Wilfred Owen

(1893-1918 / Shropshire / England)

Wilfred Owen Poems

1. Roundel 11/5/2015
2. A Palinode 10/31/2015
3. On My Songs 4/1/2010
4. Maundy Thursday 4/1/2010
5. Shadwell Stair 4/1/2010
6. My Shy Hand 4/1/2010
7. Sonnet To My Friend - With An Identity Disc 4/1/2010
8. The Calls [unfinished] 1/1/2004
9. Sonnet: On Seeing A Piece Of Our Heavy Artillery Brought Into Action 4/1/2010
10. Song Of Songs 4/1/2010
11. O World Of Many Worlds 4/1/2010
12. Antaeus: [a Fragment] 4/1/2010
13. Preface 1/3/2003
14. Spells And Incantations 1/3/2003
15. On Seeing A Piece Of Our Artillery Brought Into Action 1/3/2003
16. Storm 4/1/2010
17. The Calls 1/3/2003
18. On Seeing A Piece Of Our Heavy Artillery Brought Into Action 12/31/2002
19. The Unreturning 4/1/2010
20. Music 1/3/2003
21. Uriconium: An Ode 1/3/2003
22. Training 1/3/2003
23. Red Lips Are Not So Red 1/1/2004
24. Six O'Clock In Princes Street 1/3/2003
25. The Parable Of The Young Man And The Old 1/3/2003
26. Has Your Soul Sipped? 1/3/2003
27. Hospital Barge At Cerisy 1/1/2004
28. The Roads Also 1/3/2003
29. Hospital Barge 1/3/2003
30. Beauty: [notes For An Unfinished Poem] 1/1/2004
31. I Saw His Round Mouth's Crimson 1/3/2003
32. Smile, Smile, Smile 12/31/2002
33. The Kind Ghosts 1/3/2003
34. The Show 12/31/2002
35. Winter Song 1/3/2003
36. Miners 1/3/2003
37. Le Christianisme 1/3/2003
38. Wild With All Regrets 12/31/2002
39. The Chances 12/31/2002
40. The End 12/31/2002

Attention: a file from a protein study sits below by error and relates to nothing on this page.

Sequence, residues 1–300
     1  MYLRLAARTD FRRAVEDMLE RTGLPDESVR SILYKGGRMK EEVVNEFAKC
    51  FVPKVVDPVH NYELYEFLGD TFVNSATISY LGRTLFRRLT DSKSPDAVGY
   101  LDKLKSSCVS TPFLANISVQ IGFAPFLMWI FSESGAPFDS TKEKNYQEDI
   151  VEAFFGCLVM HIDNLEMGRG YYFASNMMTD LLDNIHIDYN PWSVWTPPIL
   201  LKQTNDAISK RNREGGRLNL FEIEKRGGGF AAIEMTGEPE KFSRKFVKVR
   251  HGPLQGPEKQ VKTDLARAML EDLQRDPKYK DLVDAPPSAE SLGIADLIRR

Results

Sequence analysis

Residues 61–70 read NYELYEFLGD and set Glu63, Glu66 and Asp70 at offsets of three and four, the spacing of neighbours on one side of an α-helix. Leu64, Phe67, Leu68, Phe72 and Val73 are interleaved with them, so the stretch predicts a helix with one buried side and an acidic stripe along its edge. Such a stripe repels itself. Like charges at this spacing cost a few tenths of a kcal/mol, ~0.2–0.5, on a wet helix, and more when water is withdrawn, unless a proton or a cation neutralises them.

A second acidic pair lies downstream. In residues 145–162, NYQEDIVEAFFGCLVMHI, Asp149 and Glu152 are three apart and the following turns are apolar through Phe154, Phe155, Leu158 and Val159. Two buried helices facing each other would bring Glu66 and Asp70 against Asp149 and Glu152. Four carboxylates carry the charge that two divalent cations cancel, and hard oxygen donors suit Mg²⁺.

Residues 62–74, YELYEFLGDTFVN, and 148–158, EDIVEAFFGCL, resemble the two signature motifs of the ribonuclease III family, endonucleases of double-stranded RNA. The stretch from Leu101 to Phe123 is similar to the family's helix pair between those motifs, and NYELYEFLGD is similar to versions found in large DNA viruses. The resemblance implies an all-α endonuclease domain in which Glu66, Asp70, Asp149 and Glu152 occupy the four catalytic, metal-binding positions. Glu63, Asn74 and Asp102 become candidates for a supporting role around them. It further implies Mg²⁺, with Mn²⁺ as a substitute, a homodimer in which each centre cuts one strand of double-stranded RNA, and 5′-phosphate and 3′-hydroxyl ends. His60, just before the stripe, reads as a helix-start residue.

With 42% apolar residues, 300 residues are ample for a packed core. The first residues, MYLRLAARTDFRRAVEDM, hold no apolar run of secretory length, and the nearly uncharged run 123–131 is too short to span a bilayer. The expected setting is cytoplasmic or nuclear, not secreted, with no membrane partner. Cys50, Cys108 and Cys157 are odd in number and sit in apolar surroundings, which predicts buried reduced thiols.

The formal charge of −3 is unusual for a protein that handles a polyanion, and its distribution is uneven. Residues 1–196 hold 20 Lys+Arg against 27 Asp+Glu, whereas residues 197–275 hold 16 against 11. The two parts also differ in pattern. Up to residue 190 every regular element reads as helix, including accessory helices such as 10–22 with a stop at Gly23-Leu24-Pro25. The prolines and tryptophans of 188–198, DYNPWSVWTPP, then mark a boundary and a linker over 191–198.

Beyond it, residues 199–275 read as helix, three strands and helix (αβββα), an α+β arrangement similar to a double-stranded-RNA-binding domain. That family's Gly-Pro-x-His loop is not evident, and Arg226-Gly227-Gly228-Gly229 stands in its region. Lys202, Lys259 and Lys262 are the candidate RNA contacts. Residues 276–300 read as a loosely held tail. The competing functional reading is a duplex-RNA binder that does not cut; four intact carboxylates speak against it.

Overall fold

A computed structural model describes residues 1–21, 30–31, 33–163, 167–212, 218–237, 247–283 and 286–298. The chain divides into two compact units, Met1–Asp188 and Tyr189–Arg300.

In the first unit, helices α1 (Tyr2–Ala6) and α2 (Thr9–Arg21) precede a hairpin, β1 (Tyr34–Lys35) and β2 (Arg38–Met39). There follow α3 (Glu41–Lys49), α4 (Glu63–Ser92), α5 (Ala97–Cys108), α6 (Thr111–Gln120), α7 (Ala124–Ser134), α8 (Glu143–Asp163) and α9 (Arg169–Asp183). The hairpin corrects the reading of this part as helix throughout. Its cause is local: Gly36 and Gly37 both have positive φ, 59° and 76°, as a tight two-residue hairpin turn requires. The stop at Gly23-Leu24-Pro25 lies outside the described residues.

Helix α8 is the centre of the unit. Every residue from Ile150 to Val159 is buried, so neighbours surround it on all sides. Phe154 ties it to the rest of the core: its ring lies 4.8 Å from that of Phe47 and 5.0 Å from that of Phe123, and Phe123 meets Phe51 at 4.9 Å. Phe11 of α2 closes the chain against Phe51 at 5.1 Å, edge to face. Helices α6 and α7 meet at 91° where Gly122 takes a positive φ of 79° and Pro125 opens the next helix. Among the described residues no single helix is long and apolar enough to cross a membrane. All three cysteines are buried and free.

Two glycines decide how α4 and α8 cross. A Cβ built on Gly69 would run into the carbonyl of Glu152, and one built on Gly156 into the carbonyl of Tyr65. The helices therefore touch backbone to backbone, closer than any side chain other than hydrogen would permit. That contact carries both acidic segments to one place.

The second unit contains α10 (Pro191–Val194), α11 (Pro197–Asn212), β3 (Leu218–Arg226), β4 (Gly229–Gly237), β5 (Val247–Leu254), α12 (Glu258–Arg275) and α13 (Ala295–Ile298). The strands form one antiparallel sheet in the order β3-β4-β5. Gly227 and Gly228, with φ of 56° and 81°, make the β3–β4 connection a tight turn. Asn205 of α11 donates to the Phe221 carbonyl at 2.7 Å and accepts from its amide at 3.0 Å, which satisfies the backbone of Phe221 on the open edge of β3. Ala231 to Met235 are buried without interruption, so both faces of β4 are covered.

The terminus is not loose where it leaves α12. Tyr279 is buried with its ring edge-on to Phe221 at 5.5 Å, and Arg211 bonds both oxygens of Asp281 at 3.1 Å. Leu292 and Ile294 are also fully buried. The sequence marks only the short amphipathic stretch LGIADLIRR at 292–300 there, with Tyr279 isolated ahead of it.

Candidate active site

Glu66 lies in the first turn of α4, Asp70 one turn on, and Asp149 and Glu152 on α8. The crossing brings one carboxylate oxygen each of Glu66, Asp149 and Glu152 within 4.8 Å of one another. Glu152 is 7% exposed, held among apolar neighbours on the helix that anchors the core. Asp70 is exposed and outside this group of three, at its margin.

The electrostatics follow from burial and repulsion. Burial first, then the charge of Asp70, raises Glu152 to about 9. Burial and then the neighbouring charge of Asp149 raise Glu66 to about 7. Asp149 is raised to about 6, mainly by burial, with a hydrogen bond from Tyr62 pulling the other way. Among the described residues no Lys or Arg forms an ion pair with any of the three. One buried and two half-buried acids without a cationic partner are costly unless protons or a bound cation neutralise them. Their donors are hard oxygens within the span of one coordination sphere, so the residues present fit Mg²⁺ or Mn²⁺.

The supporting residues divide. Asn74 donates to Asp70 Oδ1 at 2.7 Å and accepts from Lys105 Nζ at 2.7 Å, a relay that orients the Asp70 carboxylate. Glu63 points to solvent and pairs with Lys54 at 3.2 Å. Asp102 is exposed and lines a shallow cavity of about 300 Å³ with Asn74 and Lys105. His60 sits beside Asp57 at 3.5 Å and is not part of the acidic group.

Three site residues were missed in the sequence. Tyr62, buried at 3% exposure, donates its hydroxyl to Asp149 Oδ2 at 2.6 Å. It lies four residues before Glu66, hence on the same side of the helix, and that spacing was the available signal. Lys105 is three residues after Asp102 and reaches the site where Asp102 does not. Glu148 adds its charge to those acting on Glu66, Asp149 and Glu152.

Best Poem of Wilfred Owen

Dulce Et Decorum Est

Bent double, like old beggars under sacks,
Knock-kneed, coughing like hags, we cursed through sludge,
Till on the haunting flares we turned out backs,
And towards our distant rest began to trudge.
Men marched asleep. Many had lost their boots,
But limped on, blood-shod. All went lame, all blind;
Drunk with fatigue; deaf even to the hoots
Of gas-shells dropping softly behind.

Gas! GAS! Quick, boys! - An ecstasy of fumbling
Fitting the clumsy helmets just in time,
But someone still was yelling out and stumbling
And flound'ring like a man in fire or lime.- ...

Read the full of Dulce Et Decorum Est

Inspection

'You! What d'you mean by this?' I rapped.
'You dare come on parade like this?'
'Please, sir, it's-' ''Old yer mouth,' the sergeant snapped.
'I takes 'is name, sir?'-'Please, and then dismiss.'

Some days 'confined to camp' he got,
For being 'dirty on parade'.
He told me, afterwards, the damnèd spot
Was blood, his own. 'Well, blood is dirt,' I said.

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